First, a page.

As Israel returns to elections, Lapid shows his vision


JERUSALEM — Israel’s parliament voted to dissolve on Thursday, triggering the country’s fifth election in just over three years and propelling veteran politician Yair Lapid into the role of interim prime minister as he tries to persuade a deeply polarized nation to to adopt his centrist vision.

Polls indicate it will be difficult for Lapid to defeat his main rival, former Prime Minister Benjamin Netanyahu, a divisive figure who is at the heart of Israel’s protracted political crisis. The election is scheduled for November 1.

Lapid, a former author, newspaper columnist and television host, was the architect of the incumbent coalition government — an alliance of eight diverse parties spanning Israel’s political spectrum, bound in large part by their shared antipathy toward Netanyahu. The coalition ended the 12-year rule of Netanyahu, who was Israel’s longest-serving prime minister.

As with the previous four elections, the upcoming vote promises to be another referendum on Netanyahu, who is worshiped with cult reverence by his admirers and reviled with equal force by his opponents. The election focused on his fitness to lead at a time when he faces criminal charges of accepting bribes, fraud and breach of trust. He denied any wrongdoing.

The current government collapsed just over a year after its formation due to infighting and a series of defections. As part of their power-sharing deal, current Prime Minister Naftali Bennett will step down for Lapid, who officially takes office on Friday. Bennett will not appear in November.

In Israeli politics, no single party has ever won the parliamentary majority of 61 seats in parliament required to form a government. Instead, the party leader who can cobble together a majority coalition with other parties becomes prime minister.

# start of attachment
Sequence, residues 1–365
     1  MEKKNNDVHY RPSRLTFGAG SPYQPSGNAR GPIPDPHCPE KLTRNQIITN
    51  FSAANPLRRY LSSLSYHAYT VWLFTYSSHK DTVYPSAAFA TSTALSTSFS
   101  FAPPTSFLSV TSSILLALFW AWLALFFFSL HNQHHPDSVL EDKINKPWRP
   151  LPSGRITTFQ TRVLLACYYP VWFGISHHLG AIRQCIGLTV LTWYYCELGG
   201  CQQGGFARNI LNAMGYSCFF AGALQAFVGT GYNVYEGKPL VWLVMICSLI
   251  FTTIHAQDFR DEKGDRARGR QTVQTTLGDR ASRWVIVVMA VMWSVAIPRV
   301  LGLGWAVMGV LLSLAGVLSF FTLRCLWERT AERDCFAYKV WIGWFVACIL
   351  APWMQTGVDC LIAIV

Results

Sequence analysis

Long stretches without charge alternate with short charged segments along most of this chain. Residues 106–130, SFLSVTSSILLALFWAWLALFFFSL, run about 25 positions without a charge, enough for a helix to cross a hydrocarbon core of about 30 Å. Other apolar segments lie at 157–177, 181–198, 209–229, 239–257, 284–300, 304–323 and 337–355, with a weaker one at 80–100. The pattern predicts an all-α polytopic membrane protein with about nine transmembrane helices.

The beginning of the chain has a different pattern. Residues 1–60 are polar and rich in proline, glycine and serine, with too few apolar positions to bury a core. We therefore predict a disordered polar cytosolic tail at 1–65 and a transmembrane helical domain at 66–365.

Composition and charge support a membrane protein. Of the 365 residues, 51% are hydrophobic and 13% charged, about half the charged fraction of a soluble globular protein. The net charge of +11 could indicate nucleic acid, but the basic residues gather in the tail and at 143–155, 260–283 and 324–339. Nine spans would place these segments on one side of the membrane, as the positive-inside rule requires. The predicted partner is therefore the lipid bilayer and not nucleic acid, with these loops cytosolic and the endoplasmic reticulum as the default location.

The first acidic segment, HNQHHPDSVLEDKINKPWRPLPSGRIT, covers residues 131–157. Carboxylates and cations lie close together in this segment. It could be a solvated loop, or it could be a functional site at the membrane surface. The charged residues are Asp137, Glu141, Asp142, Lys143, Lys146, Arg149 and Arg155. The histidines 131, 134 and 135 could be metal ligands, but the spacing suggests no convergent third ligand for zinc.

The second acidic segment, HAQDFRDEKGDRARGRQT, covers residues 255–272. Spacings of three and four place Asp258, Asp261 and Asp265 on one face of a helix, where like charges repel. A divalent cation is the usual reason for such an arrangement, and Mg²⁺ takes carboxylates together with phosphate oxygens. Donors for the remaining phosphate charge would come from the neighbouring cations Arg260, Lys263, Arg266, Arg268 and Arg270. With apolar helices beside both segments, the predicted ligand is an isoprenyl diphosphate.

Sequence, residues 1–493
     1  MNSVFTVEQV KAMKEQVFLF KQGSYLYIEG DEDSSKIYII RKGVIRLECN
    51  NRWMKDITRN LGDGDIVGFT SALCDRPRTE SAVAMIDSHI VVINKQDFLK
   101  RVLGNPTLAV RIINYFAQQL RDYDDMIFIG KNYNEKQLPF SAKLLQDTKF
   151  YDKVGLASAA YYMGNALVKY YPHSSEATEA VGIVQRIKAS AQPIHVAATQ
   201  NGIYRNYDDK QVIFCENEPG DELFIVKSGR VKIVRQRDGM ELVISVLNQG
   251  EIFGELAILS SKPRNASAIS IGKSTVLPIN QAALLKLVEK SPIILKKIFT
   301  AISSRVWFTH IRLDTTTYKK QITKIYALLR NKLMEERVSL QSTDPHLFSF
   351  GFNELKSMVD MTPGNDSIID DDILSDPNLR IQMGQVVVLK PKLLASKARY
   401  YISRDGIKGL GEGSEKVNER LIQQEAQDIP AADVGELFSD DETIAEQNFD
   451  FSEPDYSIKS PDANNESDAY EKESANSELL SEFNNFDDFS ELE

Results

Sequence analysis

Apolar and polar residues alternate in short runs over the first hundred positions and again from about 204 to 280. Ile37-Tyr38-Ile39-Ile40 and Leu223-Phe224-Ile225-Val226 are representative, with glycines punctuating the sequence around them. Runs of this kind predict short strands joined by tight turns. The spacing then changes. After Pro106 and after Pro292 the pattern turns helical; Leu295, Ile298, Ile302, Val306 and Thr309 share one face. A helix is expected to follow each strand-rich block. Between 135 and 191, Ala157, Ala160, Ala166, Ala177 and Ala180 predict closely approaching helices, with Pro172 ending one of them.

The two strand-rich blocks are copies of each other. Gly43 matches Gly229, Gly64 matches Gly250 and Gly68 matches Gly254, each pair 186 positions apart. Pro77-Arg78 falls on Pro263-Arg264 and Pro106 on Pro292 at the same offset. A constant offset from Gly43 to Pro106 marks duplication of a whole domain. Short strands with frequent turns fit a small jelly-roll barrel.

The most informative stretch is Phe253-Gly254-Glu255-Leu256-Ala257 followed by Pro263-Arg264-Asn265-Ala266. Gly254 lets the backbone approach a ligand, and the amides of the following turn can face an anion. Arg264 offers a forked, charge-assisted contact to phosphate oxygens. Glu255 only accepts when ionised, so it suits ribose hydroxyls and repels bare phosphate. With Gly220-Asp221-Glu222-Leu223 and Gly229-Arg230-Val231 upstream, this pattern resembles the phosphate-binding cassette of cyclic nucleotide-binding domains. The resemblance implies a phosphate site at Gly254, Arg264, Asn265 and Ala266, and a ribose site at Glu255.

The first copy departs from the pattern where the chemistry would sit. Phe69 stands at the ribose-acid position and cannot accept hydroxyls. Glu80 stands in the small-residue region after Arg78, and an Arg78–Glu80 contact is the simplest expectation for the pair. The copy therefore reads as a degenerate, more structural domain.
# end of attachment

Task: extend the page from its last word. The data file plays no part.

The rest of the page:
This triggers a de facto battle between Netanyahu, whose Likud party is expected to be the largest party, and Lapid, whose party is expected to be second but may be better placed to form a coalition.

Both men are charismatic and gifted speakers with a rare talent for connecting with both large audiences and smaller groups. Yet they offer very different worldviews.

Lapid, a secular and cosmopolitan resident of an upscale Tel Aviv neighborhood, burst onto the political scene in 2012 when he formed his “Yesh Atid” or “There is a future” party aimed at the moderate middle class. and in difficulty of the country. From those beginnings as an upstart, he morphed into a fiery opposition leader and finally into a shrewd operator who ousted Netanyahu.

He criticized the outsized influence of ultra-Orthodox parties and plans to woo Arab voters, if not for Yesh Atid, then for partners who might join a future coalition.

In fact, the incumbent coalition he helped build made history as the first to include an Arab party.

Lapid will also be the first Israeli prime minister since 2009 to support a two-state solution with the Palestinians, although he may not launch any major initiatives during his interim term.

During the election campaign, he will present himself as a unifier, while portraying Netanyahu as a divider. Netanyahu will likely describe his rival as inexperienced and dangerous.